New York, NY (October 21, 2013)—The future of the music industry lies in education. At least that’s the way George Massenburg, a four-time Grammy Award winner, sees it.
In his AES lecture on October 17, as part of the Richard C. Heyser Memorial Lecture Series, Massenburg said that while technology has made music production more accessible, it has also affected the quality of music.
“Music is constantly changing and moving in new directions,” Massenburg said. “It used to be extremely expensive to record anything with technical quality, and you needed expertise to get the best sounds. Technology has changed much, including the structure of everything in the music industry, and one thing we lose is quality control by experts.”
This does not mean, however, that you can’t find quality music produced from these home studios. Instead, Massenburg stressed that the future of music, and the key to maintaining high-quality music production, lies in education.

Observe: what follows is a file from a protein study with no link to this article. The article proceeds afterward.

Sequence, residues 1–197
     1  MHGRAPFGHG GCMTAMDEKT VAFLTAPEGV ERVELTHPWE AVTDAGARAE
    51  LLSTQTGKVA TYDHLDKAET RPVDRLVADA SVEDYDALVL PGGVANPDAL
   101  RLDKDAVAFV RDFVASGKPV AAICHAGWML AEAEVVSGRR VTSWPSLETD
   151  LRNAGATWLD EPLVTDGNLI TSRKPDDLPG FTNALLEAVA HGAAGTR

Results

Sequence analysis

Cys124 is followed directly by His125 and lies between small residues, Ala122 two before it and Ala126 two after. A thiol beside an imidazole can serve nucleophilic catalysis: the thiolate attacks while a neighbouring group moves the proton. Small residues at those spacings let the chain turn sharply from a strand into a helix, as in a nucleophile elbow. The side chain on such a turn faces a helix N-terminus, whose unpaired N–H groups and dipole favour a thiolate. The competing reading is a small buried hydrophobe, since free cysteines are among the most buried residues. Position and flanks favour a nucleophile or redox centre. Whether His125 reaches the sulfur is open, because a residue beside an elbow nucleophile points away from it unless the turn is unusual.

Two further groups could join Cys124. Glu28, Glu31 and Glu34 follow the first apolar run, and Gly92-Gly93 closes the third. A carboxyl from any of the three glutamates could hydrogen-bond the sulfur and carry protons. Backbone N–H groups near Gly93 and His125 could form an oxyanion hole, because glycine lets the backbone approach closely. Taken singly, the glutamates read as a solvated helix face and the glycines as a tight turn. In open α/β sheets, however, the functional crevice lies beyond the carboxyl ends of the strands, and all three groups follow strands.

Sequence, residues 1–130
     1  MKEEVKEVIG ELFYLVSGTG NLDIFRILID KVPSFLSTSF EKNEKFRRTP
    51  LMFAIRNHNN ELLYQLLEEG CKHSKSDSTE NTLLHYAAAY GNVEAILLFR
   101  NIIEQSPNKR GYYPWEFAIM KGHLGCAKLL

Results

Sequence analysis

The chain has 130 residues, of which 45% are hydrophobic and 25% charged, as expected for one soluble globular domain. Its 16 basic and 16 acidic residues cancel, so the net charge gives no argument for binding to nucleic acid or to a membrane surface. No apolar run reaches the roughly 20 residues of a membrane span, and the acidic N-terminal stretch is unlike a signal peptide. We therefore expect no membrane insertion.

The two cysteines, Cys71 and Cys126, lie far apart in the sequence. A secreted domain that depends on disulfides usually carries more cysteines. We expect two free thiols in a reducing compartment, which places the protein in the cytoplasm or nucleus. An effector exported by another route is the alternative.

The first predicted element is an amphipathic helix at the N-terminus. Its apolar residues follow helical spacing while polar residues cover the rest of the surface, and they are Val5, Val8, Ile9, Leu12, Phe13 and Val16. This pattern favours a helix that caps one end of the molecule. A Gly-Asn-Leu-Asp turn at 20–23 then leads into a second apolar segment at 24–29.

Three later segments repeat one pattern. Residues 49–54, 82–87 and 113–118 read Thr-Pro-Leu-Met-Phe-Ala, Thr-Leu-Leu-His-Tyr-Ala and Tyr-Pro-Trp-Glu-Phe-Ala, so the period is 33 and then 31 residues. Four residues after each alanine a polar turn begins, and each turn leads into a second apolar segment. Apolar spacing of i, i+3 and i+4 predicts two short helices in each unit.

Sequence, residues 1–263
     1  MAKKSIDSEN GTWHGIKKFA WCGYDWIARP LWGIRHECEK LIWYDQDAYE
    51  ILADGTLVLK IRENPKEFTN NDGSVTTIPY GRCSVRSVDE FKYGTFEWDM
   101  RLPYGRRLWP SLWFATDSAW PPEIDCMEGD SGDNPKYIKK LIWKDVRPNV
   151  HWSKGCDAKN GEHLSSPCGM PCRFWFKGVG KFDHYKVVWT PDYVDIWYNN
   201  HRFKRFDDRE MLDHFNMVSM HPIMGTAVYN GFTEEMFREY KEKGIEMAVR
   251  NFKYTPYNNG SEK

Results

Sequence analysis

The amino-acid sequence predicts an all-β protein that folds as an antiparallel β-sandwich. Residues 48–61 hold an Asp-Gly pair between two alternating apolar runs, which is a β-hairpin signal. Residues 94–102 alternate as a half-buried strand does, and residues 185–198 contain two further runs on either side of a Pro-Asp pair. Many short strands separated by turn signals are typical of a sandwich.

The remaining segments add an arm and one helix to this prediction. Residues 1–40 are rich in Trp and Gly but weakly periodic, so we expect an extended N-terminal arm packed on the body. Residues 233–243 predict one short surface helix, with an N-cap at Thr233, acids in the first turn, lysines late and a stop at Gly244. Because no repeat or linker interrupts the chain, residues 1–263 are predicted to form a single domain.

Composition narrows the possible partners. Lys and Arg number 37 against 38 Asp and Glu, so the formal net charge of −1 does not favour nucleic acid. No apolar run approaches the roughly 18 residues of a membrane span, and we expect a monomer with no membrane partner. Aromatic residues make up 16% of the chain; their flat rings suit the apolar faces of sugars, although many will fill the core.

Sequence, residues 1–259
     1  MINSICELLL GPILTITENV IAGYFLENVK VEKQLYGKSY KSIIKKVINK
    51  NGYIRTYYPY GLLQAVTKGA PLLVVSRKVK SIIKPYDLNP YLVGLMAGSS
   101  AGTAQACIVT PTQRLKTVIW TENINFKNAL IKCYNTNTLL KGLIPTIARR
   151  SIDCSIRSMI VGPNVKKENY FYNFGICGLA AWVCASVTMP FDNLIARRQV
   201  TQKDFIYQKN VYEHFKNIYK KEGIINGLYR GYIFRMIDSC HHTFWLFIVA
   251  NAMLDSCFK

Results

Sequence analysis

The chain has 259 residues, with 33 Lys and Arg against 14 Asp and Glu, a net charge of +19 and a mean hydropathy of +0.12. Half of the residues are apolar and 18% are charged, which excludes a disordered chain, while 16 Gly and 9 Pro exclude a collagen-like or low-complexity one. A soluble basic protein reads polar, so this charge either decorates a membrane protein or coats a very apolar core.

“Producing great music is deeply entwined with cognition,” Massenburg said. “Maintaining the quality of music requires skill.”
As an Associate Professor of Sound Recording at the Schulich School of Music at McGill University, Massenburg said he constantly strives to find new methods to educate his students and provide them with tools to produce recordings of the same caliber as larger, professional studios.
To do this, educators require access to the technology, which relies on the designs of the audio companies, and access to high-quality recordings, which requires carefully honed production skills developed through training.
“They all rely on each other,” Massenburg concluded.